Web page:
By Colin Nickerson, Globe Staff
Scientists at a little-known California biotechnology company today claimed to have cloned a human embryo theoretically capable of yielding stem cells, but fell short of generating the avidly sought blank slate cells through the process.
The work by Stemagen Corp. won only faint praise from top figures in the field, who said that though the claim appears supported by the research, this simply provides more evidence that humans can be cloned, like sheep or mice. At least one European laboratory has already cloned human embryos, although to a less advanced state, using a different process, and with less scientific certainty than that described by the La Jolla-based company in the somewhat obscure journal Stem Cells.
The lead scientist at Stemagen, however, called the work an advance toward the goal of creating new lines of "true" embryonic stem cells using a process know as somatic cell nuclear transfer, or therapeutic cloning.
"No other scientific group has documented the cloning of an adult human cell, much less been able to grow it to blastocyst stage," said Andrew J. French, Stemagen's chief scientific officer and lead author of the research.
A blastocyst is an embryo about five days old and containing 50 to 200 cells. This is the stage at which stem cells -- capable of forming any of the body's 220 cell types, including blood, bone, or nerve tissue -- can be culled for research or therapy, a process that destroys the embryo.
The research drew criticism from religious groups opposed on moral grounds to using embryos for scientific research.
Leading stem cell scientists not involved in the work described Stemagen's research as seemingly solid, but not especially useful since it failed to forge stem cells.
"Itís very convincing, [it's] just not that big a leap," said Dr. George Q. Daley, president of the International Society for Stem Cell Research and a stem cell scientist at Children's Hospital Boston. "The real holy grail is to generate a pluripotent stem cell line from a cloned human blastocyst. It's only a matter of time before some group succeeds."
The study did demonstrate just how critical is a source of fresh human eggs for stem cell research using embryos. Harvard University, at the international forefront of stem cell research, has been thwarted in its efforts to create stem cell lines through cloning because of a lack of donor eggs because Massachusetts, like other states, forbids paying women to donate eggs specifically for research.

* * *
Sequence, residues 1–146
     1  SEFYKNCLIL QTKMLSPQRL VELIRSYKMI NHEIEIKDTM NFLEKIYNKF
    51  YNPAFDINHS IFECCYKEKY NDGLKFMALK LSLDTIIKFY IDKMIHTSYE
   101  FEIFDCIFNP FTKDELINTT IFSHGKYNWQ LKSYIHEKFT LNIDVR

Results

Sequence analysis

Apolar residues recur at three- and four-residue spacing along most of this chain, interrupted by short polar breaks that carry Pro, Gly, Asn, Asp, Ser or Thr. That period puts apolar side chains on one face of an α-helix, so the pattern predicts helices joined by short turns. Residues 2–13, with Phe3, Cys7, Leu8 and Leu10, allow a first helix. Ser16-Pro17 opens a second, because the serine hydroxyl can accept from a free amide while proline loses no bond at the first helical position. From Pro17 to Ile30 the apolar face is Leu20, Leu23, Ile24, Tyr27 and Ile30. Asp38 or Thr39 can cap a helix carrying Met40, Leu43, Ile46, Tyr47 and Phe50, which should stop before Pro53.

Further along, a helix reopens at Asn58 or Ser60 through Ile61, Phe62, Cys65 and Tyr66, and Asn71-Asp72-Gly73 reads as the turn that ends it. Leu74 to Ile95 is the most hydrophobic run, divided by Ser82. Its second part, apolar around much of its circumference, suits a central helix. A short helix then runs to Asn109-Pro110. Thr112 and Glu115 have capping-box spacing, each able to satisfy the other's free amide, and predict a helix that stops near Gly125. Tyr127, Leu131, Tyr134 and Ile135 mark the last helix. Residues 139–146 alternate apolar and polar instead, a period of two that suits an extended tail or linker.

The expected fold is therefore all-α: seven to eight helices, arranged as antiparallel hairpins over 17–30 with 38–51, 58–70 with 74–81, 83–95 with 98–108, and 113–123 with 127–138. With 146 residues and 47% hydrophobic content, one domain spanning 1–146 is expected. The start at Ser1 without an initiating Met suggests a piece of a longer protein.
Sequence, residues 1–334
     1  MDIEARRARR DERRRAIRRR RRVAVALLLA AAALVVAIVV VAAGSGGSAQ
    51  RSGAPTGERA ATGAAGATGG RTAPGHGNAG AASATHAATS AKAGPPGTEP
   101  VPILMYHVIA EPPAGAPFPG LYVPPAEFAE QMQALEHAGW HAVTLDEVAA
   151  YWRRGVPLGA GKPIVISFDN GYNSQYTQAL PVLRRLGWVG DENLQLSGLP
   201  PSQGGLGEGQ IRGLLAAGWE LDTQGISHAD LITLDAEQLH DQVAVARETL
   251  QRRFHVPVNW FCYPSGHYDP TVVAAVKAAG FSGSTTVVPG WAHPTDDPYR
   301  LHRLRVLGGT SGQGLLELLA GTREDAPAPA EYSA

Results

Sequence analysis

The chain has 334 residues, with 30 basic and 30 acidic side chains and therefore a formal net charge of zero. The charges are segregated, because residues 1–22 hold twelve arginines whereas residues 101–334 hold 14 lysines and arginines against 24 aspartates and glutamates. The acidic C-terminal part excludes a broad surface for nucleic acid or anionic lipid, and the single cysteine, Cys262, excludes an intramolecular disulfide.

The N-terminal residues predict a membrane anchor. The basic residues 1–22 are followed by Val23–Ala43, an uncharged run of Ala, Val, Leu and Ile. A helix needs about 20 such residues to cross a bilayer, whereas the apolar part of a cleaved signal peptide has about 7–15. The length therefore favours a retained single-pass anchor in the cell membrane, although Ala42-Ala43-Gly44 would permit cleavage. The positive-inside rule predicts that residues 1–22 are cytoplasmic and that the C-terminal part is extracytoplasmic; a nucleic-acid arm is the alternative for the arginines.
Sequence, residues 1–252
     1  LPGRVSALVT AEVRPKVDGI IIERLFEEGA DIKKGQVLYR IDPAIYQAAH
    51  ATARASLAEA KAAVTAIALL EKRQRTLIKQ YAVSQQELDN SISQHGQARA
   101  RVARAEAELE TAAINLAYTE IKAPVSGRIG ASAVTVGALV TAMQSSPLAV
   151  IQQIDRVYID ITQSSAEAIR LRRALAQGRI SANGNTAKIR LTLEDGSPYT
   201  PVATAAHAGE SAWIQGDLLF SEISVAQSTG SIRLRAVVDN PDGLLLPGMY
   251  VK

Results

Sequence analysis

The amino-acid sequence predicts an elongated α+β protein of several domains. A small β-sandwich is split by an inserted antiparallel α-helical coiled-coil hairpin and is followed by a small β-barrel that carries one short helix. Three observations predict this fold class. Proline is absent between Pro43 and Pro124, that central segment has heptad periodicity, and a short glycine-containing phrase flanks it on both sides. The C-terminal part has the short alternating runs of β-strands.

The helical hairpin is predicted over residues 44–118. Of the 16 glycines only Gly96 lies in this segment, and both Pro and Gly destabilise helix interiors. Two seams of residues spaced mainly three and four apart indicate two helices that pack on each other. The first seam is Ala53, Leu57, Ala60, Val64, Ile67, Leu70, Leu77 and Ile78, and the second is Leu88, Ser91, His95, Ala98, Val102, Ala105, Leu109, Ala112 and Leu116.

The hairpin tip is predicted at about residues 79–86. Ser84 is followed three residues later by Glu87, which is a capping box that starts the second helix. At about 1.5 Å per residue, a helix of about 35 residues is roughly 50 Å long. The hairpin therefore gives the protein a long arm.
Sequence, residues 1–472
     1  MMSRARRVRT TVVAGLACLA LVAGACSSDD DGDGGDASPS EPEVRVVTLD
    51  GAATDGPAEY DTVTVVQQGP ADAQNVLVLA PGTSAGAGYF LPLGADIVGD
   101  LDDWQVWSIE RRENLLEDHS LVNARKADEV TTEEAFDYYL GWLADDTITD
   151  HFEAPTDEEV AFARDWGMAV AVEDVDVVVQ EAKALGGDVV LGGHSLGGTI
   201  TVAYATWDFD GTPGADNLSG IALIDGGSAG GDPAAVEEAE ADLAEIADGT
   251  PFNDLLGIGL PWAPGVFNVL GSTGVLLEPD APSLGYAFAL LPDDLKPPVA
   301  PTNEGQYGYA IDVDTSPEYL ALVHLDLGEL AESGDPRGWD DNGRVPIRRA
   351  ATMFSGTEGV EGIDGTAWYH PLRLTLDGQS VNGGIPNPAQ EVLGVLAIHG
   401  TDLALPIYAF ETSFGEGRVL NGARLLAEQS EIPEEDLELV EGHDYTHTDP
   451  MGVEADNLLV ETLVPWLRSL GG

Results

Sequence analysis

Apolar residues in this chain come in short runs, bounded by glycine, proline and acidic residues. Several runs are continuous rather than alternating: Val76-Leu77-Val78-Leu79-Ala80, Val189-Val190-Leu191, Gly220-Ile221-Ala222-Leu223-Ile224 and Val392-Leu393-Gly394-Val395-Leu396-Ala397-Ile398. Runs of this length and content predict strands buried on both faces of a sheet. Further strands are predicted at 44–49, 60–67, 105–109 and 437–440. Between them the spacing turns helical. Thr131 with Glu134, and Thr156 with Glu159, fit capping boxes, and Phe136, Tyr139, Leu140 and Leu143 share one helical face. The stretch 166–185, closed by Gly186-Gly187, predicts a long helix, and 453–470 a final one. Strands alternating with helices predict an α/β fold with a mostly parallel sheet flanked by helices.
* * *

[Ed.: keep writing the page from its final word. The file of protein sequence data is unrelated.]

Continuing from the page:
Stemagen says it got around the restriction by acquiring "excess eggs" from fertility clinics, which are allowed to pay substantial fees to women providing eggs for in-vitro fertilization procedures.
French, in an interview, said the controversy surrounding human cloning made the company decide to have its research confirmed by an independent lab -- thus, sacrificing the early-stage embryos -- rather than risk having its results called into question. The company's next step will be experiments aimed at generating new stem cell lines, or batches, by creating human embryos using a similar process of replacing the nuclei in an unfertilized human egg with DNA from an adult.
"We are already working hard toward that end," said French, a reproductive biologist.
Scientists believe that stem cells may hold the key to curing a huge array of human ailments, from heart disease to severe spinal cord injury. Despite breathtaking recent advances in creating "embryonic-like" stem cells through relatively simple genetic reprogramming techniques using ordinary adult tissue, there is wide agreement among researchers that stem cells obtained from human embryos are necessary for research and possible cures. Human embryonic stem cells have been extracted from unused fertility clinic embryos, but stem cells from cloned embryos are likely to be more useful, because they would be genetically matched to a patient whose DNA is used in the cloning process.
South Korean scientist Hwang Woo-Suk claimed in 2005 to have obtained stem cells from cloned human embryos, but later was forced to retract the claim after it was revealed much of his research was faked.
Those who toil in the ferociously competitive but also somewhat clubby world of advanced stem cell research said yesterday they know little about researcher French or the company Stemagen.
"They certainly deserve credit for trying and persistence," said Dr. Robert Lanza, chief scientific officer for Advanced Cell Technology, a Worcester biotech firm that has made several big splashes in stem cell research.
But Lanza called Stemagen's work "underwhelming" and said the resultant embryos "look very unhealthy, at best."
Biologist Douglas A. Melton, co-director of the Harvard Stem Cell Institute, said there was "nothing substantially new" in the research. "We already know it's possible to get a blastocyst from nuclear transfer," Melton said, stressing that the next big leap for the field is generating human stem cells from cloned embryos, not making embryos for the sake of chalking up firsts.
Stemagen, according to the research published in Stem Cells, used 29 eggs from three donors to generate five entities that in French's view might be described as embryos at the blastocyst stage. However, testing of mitochondrial DNA showed only a single "proven" clone theoretically capable of generating embryonic stem cells, the research stated.
Not all scientists shrugged off the Stemagen research, noting that that it represents the most indisputable cloning of a human embryo to date.
"I think the data are pretty important," said Donald G. Phinney, a stem cell researcher at Tulane University. "This paper takes proof of principle work in non-human primates and applies it to humans.''
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